We Went There: Stereolab + Fievel is Glauque at First Avenue
There were touches of grey (or where grey would have been) scattered throughout the mostly-full First Avenue Mainroom Wednesday night for Stereolab’s return to Minneapolis, but any indication by the, ahem, more “vintage” crowd that the music would be lacking dynamism was quickly put to rest and disproven throughout the enjoyable, genre-stretching night of outstanding music.
Opening the show were five piece Fievel is Glauque, an expansion of the duo Zach Phillips and Ma Clément who record music that is Stereolab-ajancent. Their music is less forceful and all-encompassing than the headliner, but they were a fascinating combination of youthful seriousness and smart, jazzy arrangements that centered around lead singer Clément’s confident, sultry vocals.
The band used one break to say they were all feeling tired, but the group had a good energy during their 40ish minute opening set that combined coffeeshop art pop, breezy library music and, in a twist I didn’t see coming, a flute solo. The whole sound centered around the duo who create the band’s music, but all eyes were on Ma Clément, whose confident vocals were in contrast to her shy demeanor, often with one arm folded over the other, almost holding herself in place. Their music was a great setup to Stereolab, matching the general tenor of the headliner the crowd was there to see all while still venturing into different and fresh territory.
With only the two bands on the bill, it didn’t take long for the crowd to fill in and Stereolab to hit the stage to a rousing ovation that seemed to genially move leader singer Lætitia Sadier. This was a clearly a crowd of die hards, showcased by lines at the merch table stretching back into the bar area consistently throughout the night. Much vinyl and t-shirts made their way out into a brisk fall night, it is certain.
Starting with the spry “Neon Beanbag,” the band played a high-energy set that covered close to 20 songs and lasted a solid hour and forty five minutes. Their catalog is both deep and wide, and they ventured into various corners of it throughout their set, with band leaders guitarist Tim Gane & guitarist/keyboardist/singer Sadier backed by their famous motorik drum beats, lush keys and some locked in, marching basslines.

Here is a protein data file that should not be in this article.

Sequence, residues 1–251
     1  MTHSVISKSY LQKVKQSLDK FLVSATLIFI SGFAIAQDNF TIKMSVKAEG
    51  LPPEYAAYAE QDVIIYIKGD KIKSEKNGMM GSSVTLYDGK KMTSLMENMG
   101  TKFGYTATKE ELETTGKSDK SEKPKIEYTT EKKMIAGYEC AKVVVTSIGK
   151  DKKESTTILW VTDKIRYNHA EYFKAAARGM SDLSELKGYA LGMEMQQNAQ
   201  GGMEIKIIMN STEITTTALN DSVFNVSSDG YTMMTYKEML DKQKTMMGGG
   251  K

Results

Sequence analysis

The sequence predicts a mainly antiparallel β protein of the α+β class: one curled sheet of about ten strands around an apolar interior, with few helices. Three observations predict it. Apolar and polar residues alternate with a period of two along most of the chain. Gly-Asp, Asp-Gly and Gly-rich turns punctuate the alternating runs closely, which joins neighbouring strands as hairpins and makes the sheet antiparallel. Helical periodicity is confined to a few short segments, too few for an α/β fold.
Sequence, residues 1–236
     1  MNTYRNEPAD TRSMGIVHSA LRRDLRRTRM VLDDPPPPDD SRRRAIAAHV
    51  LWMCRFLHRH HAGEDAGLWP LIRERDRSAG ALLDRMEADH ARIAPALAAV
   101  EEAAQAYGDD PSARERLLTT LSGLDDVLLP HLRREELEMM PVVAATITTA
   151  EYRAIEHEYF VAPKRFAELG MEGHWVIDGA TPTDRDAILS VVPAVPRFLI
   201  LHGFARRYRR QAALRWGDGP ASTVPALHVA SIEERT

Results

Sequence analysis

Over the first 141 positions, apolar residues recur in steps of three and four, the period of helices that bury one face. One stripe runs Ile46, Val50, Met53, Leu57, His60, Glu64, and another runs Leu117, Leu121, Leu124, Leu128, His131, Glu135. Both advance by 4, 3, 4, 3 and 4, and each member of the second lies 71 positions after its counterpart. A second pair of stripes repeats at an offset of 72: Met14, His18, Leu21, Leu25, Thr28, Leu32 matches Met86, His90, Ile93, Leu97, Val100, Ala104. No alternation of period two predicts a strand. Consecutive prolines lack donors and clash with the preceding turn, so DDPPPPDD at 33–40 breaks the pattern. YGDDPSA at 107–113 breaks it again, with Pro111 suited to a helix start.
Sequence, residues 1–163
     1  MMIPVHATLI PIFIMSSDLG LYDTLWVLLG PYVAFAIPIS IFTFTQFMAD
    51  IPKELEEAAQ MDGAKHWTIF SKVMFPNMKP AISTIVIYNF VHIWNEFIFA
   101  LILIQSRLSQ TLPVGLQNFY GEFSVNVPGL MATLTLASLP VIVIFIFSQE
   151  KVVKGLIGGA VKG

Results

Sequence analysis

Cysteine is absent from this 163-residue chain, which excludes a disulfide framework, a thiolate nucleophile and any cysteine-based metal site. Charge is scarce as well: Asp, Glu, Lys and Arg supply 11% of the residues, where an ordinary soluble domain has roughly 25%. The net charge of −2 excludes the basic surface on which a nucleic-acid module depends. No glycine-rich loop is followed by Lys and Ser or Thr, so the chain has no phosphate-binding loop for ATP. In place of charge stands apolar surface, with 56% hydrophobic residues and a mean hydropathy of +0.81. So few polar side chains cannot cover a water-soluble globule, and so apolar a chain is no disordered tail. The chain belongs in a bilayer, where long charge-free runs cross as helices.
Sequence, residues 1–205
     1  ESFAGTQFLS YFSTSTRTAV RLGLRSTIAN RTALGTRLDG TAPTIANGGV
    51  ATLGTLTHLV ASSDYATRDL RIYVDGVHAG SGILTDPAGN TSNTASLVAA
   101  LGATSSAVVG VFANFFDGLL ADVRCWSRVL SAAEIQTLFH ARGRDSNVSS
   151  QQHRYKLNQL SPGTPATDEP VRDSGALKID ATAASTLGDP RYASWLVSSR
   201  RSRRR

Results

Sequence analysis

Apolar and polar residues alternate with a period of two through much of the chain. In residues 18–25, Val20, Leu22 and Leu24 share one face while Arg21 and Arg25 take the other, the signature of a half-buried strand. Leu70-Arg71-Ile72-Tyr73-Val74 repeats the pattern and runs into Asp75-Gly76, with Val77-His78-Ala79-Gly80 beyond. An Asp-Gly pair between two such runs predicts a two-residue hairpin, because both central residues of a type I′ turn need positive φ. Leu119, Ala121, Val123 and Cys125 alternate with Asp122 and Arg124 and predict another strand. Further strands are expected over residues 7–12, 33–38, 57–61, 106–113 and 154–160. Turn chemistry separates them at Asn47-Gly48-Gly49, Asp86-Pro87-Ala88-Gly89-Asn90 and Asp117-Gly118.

Their music can wander, for sure, but it always brings the listener home. Highlights included the charming mid-set exploration of “Miss Modular,” to sunny psych pop of “delugeoisie” and the riveting three song encore that included a fractured start of “French Disko” that nonetheless kept the crowd buzzing from start to finish. As fans of their music know, there aren’t many soft spots in their catalog, so even for the songs I didn’t recognize I found it easy to let myself float away inside the chugging grooves, ornate melodies and Sadier’s hypnotic singing.
Seeing the band enjoying themselves, finding nirvana in their blend of pop melodies, cosmic grooves and world-hopping songwriting, was a real treat. They certainly could coast on their reputation at this point, but I didn’t sense that at all. Both from the show and their continued diving into their vault to bring out interesting nuggets from their past, they are a band that know they have a strong foundation but don’t seem to have any interested in stopping their adventures. I have wanted to see them live for a long time (and seeing the average age of the crowd was a reminder that they’ve been creating music for a long time) and they did not disappoint.
Writer / co-founder